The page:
If you’ve ever set up an email account manually, then you’ve been asked for your email provider’s POP or IMAP server settings. These are necessary directions that the email program needs before it can retrieve email from your account.
Just like how your address and password are unique to your email account, IMAP and POP server settings are unique to every email provider. Gmail’s IMAP server settings, for example, are different from Yahoo’s, and both company’s IMAP settings are different from their own POP server settings.
So, you have two options, but which one do you need? What is the difference between IMAP and POP? Is IMAP better than POP? Can you use IMAP and POP, or do you have to choose?
Below is everything you need to know about IMAP and POP, including the benefits and disadvantages of both and links on how to set up your email using IMAP or POP.
The Difference Between IMAP And POP
IMAP stands for Internet Message Access Protocol. POP stands for Post Office Protocol. Both are used by an email program to download messages from the email server.
So regardless of the email service you use, if you want to access your mail away from their webmail site, you must use the service’s specific IMAP or POP server settings.
However, there’s a major difference between IMAP and POP. When you’re communicating via IMAP, the email program can manage the messages directly from the server, including marking the emails as read, deleting them from the server, moving emails between folders, and more.
Anything you do in the email program will also be done on the email server, so any other email client that’s connected to that account over IMAP will experience those identical changes.
POP is limited to downloading the emails only. When you’re using POP email servers, your email program can’t send commands back to the server like IMAP can. Once messages have been downloaded, anything you do to them isn’t reflected on the server.
If you delete them or move them into other folders, you’ll see the changes in that email program only, not through the webmail interface or on any other email program you use with that email account.
Should I Use IMAP Or POP?
This decision is completely up to you, but it makes the most sense to use IMAP.
You should pick IMAP over POP if you want maximum flexibility. You’ll be able to access your email on as many devices as you want, and have them all be synchronized. When you delete an email from your phone, the same email will be removed when you check your messages on a computer or on your tablet. Sending an email on one device will show up in the sent box on another device. This makes the most sense for most people.
However, if your email provider gives you limited storage space for emails, POP might be preferred. Consider an example where you have a measly 200 MB of email space. If you use IMAP, and you want to keep all of your emails forever, you’ll quickly run low on space.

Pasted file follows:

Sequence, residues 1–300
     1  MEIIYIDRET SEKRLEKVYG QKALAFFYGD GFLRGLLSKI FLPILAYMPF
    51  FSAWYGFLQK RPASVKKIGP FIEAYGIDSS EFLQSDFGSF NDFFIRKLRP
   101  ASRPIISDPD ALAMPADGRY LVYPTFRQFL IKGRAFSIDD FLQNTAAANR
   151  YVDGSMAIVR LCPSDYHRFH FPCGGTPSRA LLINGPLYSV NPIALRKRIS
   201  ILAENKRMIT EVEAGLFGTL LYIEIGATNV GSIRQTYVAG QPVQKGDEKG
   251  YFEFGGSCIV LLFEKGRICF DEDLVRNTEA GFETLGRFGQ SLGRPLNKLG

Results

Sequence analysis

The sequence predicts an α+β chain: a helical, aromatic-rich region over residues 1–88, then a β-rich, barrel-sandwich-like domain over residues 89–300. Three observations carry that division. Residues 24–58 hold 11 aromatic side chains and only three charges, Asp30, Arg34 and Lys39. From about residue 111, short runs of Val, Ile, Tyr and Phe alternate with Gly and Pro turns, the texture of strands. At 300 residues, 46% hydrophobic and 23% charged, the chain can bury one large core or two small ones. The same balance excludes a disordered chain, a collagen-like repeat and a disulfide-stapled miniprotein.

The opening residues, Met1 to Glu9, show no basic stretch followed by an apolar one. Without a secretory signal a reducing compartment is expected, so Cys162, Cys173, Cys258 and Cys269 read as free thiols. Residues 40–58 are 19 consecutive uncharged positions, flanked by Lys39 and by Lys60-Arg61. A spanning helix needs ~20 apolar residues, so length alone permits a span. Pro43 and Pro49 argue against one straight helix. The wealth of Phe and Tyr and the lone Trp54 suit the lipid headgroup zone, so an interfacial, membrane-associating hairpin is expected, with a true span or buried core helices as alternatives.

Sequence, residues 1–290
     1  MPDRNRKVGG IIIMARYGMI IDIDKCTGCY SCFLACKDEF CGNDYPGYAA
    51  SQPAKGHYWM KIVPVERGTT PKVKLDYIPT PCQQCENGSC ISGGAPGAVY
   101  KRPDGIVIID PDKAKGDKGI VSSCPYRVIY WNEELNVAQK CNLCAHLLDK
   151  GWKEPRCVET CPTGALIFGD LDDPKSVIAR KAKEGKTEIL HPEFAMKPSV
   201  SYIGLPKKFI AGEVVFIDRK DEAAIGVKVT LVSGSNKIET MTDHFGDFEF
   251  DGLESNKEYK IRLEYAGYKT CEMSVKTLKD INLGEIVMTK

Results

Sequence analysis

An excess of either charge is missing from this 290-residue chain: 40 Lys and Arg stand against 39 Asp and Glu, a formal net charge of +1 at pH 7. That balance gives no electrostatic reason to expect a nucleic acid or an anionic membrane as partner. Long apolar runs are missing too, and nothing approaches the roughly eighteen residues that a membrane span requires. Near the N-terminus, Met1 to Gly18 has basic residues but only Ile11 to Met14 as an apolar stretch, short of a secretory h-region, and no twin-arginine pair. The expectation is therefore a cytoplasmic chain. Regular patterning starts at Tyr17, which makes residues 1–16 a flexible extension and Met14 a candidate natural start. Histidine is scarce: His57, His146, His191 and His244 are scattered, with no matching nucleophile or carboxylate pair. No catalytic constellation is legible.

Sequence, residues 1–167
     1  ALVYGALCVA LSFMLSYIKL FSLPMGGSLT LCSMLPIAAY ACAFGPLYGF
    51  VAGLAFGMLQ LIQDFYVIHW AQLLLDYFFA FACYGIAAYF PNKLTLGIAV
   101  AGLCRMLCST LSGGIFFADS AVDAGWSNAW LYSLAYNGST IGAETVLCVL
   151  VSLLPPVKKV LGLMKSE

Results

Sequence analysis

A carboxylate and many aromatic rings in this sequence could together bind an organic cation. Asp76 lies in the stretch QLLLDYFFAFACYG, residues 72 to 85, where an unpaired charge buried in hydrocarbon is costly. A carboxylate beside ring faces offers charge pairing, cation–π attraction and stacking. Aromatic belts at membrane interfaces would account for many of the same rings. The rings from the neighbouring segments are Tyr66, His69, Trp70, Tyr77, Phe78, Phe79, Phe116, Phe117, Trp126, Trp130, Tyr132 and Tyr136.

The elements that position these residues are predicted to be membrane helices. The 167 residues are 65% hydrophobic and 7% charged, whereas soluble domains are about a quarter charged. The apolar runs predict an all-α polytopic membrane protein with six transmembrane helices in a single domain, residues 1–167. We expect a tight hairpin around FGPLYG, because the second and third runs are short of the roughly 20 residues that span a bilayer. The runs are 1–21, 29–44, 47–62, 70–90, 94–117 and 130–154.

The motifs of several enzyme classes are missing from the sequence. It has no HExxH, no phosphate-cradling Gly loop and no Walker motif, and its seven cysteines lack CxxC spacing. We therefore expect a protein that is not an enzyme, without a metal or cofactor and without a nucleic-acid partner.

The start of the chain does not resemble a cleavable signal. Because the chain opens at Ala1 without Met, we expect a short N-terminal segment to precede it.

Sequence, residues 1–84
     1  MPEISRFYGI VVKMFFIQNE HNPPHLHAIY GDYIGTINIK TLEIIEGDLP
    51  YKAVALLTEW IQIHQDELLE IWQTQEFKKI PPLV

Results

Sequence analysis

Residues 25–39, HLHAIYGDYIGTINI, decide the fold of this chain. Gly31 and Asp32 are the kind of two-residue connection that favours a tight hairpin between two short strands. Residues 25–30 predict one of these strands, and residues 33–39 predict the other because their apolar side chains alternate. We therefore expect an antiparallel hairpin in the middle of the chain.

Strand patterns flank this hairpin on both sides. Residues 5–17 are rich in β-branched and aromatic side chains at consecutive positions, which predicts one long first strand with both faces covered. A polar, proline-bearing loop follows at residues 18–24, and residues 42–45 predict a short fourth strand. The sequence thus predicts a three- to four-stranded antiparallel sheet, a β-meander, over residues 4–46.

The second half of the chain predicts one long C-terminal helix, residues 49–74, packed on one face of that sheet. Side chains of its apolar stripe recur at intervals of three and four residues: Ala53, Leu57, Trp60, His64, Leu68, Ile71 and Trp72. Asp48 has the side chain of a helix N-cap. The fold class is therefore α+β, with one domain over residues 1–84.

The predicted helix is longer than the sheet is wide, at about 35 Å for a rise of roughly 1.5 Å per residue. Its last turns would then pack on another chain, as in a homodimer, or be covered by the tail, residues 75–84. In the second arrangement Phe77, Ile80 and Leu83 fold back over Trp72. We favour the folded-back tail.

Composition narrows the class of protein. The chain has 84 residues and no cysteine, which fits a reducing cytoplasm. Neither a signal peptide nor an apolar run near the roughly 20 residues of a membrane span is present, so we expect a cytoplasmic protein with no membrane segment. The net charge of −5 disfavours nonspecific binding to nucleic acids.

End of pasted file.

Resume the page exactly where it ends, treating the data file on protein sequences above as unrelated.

However, you could instead use POP to download the emails to your computer where you have more storage. As long as you set up your email account to remove emails from the server after they’ve been downloaded, you’ll never run out of space on the server but will also never lose a message (so long as you have them backed up on your device).
If you prefer as little setup as possible, IMAP should be your choice. Most email providers disable POP by default but leave IMAP access open. If you decide to use POP, you might need to go into your email settings from a web browser first so that you can enable POP access.
As you can see, the choice really is up to you and your situation. You can choose IMAP for its features but possibly run low on storage space if you keep too many emails, or you can choose POP to never run low on storage but miss out on the handy syncing features.
How To Use IMAP Or POP
Many modern email clients let you log into your email through a web login interface where all you need to know is your email address and password. But if you’re entering IMAP or POP settings, you have to know some other details.
These are the IMAP and POP server settings for some common email providers.
SMTP: Important But Different
POP and IMAP aren’t the only email server settings you need to know when setting up email on a device. While the former two are for downloading mail, SMTP settings are for sending mail.
If you don’t have the right SMTP server settings configured on your device, the client won’t know how to send mail from your account. You might have no problem downloading mail, but you won’t be able to successfully send new messages.
Most email services use an SMTP server like smtp.server.com. Gmail’s SMTP server, for example, is simply smtp.gmail.com. However, others are a little different, like Outlook.com’s: smtp.office365.com.